I am a political-science minor and a self-professed CNN junkie, so election time can be as exciting for me as SuperBowl XLI will be for the Colts fans here at Ball State.
But even I cannot wrap my head around all of the media hype involving the 2008 election. Every time I turn on the TV there is nuanced information about ObamaÃ¢â‚¬â„¢s exploratory committee or John EdwardsÃ¢â‚¬â„¢ trip to Iowa or McCainÃ¢â‚¬â„¢s return trip to the primaries. I love this kind of stuff - I would also love it closer to 2008.
DonÃ¢â‚¬â„¢t get me wrong, I need the instantaneous satisfaction offered by on-demand news and multimedia coverage. I like having updated news in my papers, on my phone, in my e-mail; moreover, I am accustomed to having this information in my hands in seconds. We are so used to receiving information when we want it that our distant futures seem imminent. Regardless of political affiliation, I think we are all interested to see what a future president will do change our economy, community welfare and international position. But we are so accustomed to consuming the news every ten seconds that we donÃ¢â‚¬â„¢t actually listen to the current news.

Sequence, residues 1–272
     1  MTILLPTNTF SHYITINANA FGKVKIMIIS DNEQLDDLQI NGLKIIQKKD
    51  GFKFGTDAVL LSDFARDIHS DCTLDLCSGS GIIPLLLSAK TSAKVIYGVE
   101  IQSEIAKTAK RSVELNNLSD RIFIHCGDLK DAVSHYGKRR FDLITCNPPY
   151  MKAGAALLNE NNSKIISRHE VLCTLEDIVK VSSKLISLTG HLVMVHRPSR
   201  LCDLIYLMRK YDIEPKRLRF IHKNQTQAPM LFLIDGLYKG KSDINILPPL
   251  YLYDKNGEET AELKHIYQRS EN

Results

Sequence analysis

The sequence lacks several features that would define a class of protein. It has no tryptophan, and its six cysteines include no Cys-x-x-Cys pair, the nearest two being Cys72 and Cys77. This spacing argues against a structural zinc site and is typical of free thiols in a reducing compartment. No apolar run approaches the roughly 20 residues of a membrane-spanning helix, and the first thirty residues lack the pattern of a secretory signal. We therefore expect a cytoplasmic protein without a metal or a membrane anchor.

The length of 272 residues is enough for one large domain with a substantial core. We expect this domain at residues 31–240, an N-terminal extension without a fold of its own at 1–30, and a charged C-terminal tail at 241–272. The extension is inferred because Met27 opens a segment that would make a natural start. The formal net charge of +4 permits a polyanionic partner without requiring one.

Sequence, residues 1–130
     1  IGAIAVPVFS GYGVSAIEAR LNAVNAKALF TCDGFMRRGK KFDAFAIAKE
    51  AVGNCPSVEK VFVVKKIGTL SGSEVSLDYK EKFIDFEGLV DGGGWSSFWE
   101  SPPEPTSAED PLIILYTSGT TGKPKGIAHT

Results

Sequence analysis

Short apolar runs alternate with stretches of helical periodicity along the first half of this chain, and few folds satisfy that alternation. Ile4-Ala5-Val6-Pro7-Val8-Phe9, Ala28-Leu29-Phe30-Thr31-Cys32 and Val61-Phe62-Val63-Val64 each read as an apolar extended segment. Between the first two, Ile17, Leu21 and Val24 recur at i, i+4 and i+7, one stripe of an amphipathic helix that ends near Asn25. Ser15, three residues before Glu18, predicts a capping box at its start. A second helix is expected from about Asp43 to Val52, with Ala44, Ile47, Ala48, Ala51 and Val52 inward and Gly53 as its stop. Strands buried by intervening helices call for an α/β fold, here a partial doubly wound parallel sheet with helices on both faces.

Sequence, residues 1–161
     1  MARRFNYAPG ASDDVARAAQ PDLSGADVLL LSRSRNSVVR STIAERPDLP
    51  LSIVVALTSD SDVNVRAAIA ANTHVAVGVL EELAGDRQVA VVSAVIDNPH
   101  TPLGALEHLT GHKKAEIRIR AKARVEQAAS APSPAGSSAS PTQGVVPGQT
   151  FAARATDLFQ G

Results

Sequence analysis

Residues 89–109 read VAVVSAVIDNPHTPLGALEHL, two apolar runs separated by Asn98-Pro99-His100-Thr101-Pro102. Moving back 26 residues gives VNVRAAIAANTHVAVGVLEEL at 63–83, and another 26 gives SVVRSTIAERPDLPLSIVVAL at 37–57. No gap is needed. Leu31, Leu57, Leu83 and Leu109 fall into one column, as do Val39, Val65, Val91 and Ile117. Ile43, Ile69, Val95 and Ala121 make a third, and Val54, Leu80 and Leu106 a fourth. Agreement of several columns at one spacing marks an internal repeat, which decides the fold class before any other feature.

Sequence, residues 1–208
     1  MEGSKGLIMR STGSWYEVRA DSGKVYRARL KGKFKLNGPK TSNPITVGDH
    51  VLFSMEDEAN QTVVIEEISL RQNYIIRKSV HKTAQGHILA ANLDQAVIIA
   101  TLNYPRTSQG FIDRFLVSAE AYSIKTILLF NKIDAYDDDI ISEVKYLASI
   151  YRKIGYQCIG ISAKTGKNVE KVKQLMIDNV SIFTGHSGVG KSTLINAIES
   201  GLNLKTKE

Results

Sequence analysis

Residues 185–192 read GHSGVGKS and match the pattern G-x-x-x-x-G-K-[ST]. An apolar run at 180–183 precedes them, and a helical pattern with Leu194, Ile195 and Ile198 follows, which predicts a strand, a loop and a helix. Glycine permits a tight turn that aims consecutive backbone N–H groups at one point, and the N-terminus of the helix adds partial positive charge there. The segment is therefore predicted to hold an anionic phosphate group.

This is the chief problem with having the 2008 elections run for 22 months. Besides making Ã¢â‚¬Å“This American MorningÃ¢â‚¬Â irritatingly repetitive, other important news is
overshadowed. I donÃ¢â‚¬â„¢t remember hearing about Speaker Nancy PelosiÃ¢â‚¬â„¢s trip to Iraq on the news. I donÃ¢â‚¬â„¢t remember hearing about the case of bird flu in Nigeria. I do, however, know
everything I ever need to know about ClintonÃ¢â‚¬â„¢s current fundraising strategies. Presidential elections might be one of the most exciting times of the year, but too much of a good thing is just
annoying and it could hurt the candidates when interest turns to apathy around month 15.